When the penultimate fantasy novel “Harry Potter and the Half-Blood Prince” by J.K. Rowling was made into a movie, it captivated the audience to wondrous cinematography. “Being me has its privileges,” Dumbledore tells Harry in the Astronomy Tower. His enviable ability to “apparate” himself and Harry Potter take them to an unrivaled vantage point – The Horcrux Cave. Towering heights, angrily crashing waves, rugged and panoramic cliffs loom large on the screen. The audience watched. Spellbound! These cliffs that were featured are The Cliffs Of Moher.
Located on the West coast of Ireland, close to Liscannor village in County Clare, the eight dramatic headlands of the Cliffs of Moher reveal different facets of Ireland’s incredible coast as a historical landmark, a geographic wonder and a treasure trove of natural richness. The day ahead would be one we will never forget.
As the car drove from Galway to the Cliffs we were quiet in the car. The spectacular views blew our breaths away. It’s said, the journey is just as important as the destination. The drive to the Cliffs is beautiful and we were glad we took the road. Why ‘Moher” I asked? An interesting tale ensued.The Cliffs take their name from a ruined headland fort ‘Mothar’. Demolished during the Napoleonic wars in the early 1800’s it was replaced by a signal tower at Hag’s Head, the southernmost point on the cliffs. The word ‘Mothar’in old Gaelic means ‘the ruin of a fort’.
The Cliffs of Moher are located at the southwestern edge of the Burren region in County Clare, Ireland. Towering at 390 ft above the Atlantic Ocean at Hag’s Head, and reaching their maximum height 702 ft just north of O’Brien’s Tower, the Cliffs attract about one million visitors a year.
As soon as we reached the destination we found our way to the visitor center and the “Atlantic Edge” exhibition. From here, we walked up to the O’Brien’s Tower which marks the highest point of the Cliffs of Moher and harnesses splendid views of and from Moher. The vast expanse of the Atlantic Ocean opened before us. It’s important to check the weather forecast before making a trip to this nature’s wonder. I’m glad we did. This day was a clear one and the faraway skyline of the Twelves pins, the Aran Islands, and the Maumturks offered clean and spectacular vistas.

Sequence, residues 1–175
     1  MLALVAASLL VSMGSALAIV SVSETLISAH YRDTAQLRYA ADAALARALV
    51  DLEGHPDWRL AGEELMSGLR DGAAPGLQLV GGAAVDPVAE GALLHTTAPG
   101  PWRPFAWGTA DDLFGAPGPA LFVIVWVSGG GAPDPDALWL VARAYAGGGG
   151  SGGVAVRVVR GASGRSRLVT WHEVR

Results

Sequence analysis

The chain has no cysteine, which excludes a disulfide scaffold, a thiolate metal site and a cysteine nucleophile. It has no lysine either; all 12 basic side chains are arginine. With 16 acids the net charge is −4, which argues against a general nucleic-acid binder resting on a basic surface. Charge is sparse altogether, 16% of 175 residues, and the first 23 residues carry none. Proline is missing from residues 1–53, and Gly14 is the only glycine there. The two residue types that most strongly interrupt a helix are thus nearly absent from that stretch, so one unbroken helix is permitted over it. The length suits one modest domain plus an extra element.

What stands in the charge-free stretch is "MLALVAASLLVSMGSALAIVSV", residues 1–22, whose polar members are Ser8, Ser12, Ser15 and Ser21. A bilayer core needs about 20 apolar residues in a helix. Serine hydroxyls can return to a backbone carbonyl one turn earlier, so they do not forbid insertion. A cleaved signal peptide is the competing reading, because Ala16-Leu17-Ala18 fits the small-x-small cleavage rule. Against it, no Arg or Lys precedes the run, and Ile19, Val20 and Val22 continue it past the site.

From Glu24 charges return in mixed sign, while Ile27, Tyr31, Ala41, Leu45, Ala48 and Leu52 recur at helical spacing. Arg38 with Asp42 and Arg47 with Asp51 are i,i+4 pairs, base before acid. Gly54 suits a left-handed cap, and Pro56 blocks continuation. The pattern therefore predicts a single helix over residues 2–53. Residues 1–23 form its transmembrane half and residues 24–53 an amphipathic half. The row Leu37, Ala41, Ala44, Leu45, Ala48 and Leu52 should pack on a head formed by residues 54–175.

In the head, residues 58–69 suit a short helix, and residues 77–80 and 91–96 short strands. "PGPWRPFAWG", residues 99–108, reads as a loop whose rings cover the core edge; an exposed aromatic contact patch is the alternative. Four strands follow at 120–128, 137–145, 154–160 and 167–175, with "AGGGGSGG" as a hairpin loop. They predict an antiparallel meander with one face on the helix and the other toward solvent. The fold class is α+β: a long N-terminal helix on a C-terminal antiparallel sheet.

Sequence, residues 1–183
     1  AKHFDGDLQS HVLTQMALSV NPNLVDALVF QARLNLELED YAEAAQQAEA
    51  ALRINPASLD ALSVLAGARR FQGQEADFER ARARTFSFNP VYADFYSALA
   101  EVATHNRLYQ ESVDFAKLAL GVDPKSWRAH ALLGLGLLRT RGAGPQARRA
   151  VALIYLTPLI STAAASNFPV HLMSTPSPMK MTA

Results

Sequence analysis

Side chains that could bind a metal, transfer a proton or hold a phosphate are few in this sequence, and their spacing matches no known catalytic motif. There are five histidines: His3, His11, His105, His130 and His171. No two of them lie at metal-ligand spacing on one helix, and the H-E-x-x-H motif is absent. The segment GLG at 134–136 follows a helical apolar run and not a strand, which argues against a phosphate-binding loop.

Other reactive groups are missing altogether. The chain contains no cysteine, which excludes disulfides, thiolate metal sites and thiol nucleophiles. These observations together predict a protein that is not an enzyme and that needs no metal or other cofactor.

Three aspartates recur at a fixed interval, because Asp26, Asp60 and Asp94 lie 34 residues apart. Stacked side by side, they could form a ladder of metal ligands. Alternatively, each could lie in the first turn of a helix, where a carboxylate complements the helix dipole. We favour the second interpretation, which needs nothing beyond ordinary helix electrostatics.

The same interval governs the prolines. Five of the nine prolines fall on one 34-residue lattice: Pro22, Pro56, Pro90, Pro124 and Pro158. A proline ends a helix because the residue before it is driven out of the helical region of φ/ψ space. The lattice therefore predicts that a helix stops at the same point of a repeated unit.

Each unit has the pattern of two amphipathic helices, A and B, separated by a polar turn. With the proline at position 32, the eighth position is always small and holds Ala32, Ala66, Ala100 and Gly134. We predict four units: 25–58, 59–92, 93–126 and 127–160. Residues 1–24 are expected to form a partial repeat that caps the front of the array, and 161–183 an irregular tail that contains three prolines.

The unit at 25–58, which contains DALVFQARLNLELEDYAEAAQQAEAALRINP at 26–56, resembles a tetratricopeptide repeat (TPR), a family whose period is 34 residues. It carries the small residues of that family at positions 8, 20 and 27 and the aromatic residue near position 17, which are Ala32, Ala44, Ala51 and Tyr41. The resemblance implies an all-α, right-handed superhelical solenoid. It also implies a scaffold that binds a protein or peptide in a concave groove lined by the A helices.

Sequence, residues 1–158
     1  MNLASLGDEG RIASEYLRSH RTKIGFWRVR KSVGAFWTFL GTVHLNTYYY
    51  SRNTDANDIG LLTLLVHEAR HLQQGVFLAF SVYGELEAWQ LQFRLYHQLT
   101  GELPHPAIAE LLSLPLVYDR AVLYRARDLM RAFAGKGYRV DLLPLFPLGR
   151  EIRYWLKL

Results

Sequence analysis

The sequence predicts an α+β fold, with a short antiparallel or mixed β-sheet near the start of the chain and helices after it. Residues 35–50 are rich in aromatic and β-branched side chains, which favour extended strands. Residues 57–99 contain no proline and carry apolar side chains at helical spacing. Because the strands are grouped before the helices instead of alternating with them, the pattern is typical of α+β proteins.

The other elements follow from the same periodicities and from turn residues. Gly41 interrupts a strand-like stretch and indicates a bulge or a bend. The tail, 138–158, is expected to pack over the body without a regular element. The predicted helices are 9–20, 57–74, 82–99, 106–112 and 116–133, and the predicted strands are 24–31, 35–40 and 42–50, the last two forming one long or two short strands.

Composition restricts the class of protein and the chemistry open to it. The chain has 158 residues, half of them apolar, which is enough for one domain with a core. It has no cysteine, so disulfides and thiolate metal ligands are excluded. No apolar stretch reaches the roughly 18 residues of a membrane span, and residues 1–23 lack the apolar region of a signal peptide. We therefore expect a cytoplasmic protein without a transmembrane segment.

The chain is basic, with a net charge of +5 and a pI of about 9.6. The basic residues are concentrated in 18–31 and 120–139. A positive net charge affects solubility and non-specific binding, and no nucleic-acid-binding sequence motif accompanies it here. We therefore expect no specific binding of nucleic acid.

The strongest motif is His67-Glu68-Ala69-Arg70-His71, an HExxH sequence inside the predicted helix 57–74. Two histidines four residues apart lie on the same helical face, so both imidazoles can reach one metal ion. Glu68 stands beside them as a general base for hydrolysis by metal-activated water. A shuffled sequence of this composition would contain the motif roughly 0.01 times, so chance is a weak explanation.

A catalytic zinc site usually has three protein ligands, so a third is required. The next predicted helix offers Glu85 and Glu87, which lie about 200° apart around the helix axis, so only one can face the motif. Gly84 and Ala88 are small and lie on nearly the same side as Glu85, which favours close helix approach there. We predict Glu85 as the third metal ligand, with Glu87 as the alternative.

Looming large over the Atlantic Ocean, these natural wonders have been thrashed into incredible furrowed forms by the violent pounding of the waves. The cliffs are home to about 30,000 seabirds and as we walked the narrow track of 8 km, we could hear the cries of the birds. Black ravens, razorbills, puffins, kittiwake, fulmar glided in the blue skies.
The views from the Cliffs left me breathless many a times. They’re so awe-inspiring. I closed my eyes to capture all that I could see around. Visiting it is an encounter with nature in its wild, raw form. The mighty, rugged cliffs facing the tempestuous ocean, the taste of the salty air, the cry of the cliff-nesting birds, the thud of the feet on the rocks, the cool breeze on the face; it’s nature in all its glory. It’s an experience of a lifetime.
Opening Hours: Daily from 9 AM, closing times vary according to the season (closed on December 24th, 25th, and 26th).
Admission Prices: Adults € 6, Children under 16 free, Students, Senior Citizens, and Disabled Visitors € 4. Reductions for groups, or when pre-booking on the internet.